2008 August | Federated Search BlogFederated Search

Archive for August, 2008

29
Aug

Today is the third of four parts of this interview. Today’s discussion includes what has made WebFeat so successful, managing a huge connector base, and the selling of WebFeat to ProQuest.

Todd is the second luminary that I recognize in this blog. You can find future and past luminary interviews in the luminary category. I invite you to nominate people who deserve to hold the federated search luminary distinction.

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27
Aug

This is the second installment of my interview with federated search luminary, Todd Miller. Part I is here. Today, Todd answers questions about the early days of WebFeat, about WebFeat and libraries, and about WebFeat’s contributions to federated search.

Todd is the second luminary that I recognize in this blog. You can find future and past luminary interviews in the luminary category. I invite you to nominate people who deserve to hold the federated search luminary distinction.

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25
Aug

I was fortunate to have had the opportunity to interview Todd Miller, founder of WebFeat, for this federated search luminary series. I recently published a preview of the interview. In this first installment, Todd shares wisdom that he gained early in his career; these early experiences would prepare him to start and grow WebFeat.

Todd is the second luminary that I recognize in this blog. You can find future and past luminary interviews in the luminary category. I invite you to nominate people who deserve to hold the federated search luminary distinction.

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22
Aug

Todd Miller founded WebFeat in 1998. Ten years later, in February of this year, Todd sold the company to ProQuest. During his tenure with WebFeat, Todd made major contributions to federated search that earn him the distinction of being a luminary in the industry, along with Kate Noerr, who I interviewed recently.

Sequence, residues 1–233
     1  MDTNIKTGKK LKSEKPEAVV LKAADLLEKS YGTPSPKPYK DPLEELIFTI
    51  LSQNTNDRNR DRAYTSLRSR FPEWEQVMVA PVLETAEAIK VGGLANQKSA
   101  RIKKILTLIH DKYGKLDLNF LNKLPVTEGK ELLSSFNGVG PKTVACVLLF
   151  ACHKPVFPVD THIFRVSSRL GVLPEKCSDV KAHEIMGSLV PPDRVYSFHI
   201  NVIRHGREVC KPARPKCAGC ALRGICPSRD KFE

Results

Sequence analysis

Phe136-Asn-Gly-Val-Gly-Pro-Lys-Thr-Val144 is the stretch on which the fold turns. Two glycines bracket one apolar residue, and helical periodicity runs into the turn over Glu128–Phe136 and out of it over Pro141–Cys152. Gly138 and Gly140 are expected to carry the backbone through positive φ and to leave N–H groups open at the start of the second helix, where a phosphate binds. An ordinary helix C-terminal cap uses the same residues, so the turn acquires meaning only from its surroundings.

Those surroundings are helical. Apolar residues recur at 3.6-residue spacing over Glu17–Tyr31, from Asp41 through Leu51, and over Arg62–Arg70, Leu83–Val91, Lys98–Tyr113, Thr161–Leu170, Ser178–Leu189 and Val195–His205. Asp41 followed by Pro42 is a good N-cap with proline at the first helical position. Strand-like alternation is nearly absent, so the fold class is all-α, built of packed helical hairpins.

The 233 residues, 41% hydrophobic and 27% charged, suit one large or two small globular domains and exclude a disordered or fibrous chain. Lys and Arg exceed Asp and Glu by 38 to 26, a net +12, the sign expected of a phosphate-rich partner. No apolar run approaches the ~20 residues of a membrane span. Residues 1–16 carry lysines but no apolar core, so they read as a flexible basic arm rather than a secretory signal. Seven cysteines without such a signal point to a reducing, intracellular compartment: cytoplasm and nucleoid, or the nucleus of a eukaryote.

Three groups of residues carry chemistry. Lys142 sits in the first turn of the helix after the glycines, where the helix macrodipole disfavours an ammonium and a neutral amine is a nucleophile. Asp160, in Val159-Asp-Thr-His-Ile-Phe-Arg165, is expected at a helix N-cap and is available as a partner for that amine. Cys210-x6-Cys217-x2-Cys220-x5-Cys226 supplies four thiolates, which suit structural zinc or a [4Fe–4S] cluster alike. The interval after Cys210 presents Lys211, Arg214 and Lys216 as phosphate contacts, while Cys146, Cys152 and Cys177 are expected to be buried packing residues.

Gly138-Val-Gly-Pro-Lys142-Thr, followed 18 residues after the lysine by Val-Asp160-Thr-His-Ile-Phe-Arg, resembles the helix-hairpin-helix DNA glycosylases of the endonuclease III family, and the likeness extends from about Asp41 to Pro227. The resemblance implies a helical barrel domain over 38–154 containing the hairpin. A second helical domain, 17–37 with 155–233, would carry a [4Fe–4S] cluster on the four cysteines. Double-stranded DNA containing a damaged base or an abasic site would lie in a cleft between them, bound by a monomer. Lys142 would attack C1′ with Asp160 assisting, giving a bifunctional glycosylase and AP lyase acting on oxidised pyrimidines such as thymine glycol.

I emailed Todd a set of questions. I got back seven single-spaced pages worth of responses and it was all outstanding. So, I’m going to serialize the interview into a number of parts, publishing the first on Monday. In this article I want to list the interview questions and provide excerpts of a few of Todd’s responses; overall I find Todd’s writing to be intelligent, insightful, and at times quite witty.

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20
Aug

In reviewing the past few months worth of comments I’m realizing that there’s a goldmine of wisdom in your experiences with federated search that is not being noticed by readers who don’t follow comments. So, I’d like to bring attention to a number of your insightful comments and to respond where a response is warranted. Note: You cam subscribe to the comments feed by clicking on the smaller of the two RSS icons near the top of the rightmost sidebar on any blog page or by clicking here.

Beyond shining the spotlight on your excellent comments, a good blogger attends to his comments in a timely manner, right? I last responded to comments in a big batch post on March 31st. Gulp! Well, I’m turning over a new leaf; moving forward I’ll respond to comments as they come in and I’ll do that in the form of a response comment, or in a blog article. Until the next comment arrives – go ahead and test me – I’m responding to those lonely comments that are waiting for a response. Here are my responses to the first batch of comments.

On March 21st I wrote Is federated search ranking impaired, commenting on a blog post that commented on a presentation by Tom Wilson of the University of Alabama. My post led to several comments including a very elaborate response by Mr. Wilson himself highlighting some real problems with federated search and relevance ranking. Peter pointed out another impairment of federated search relevance ranking, one that is often overlooked or forgotten. Abe chimed in with his own detailed response, further emphasizing the challenges of relevance ranking and hinting at how they can be addressed. And, Dave explained how the University of Arizona performs relevance ranking in one of their in-house databases, and that that way of relevance ranking is well received by its audience. This was a great discussion. Thanks, everybody for your comments. I encourage everyone to read the comment thread.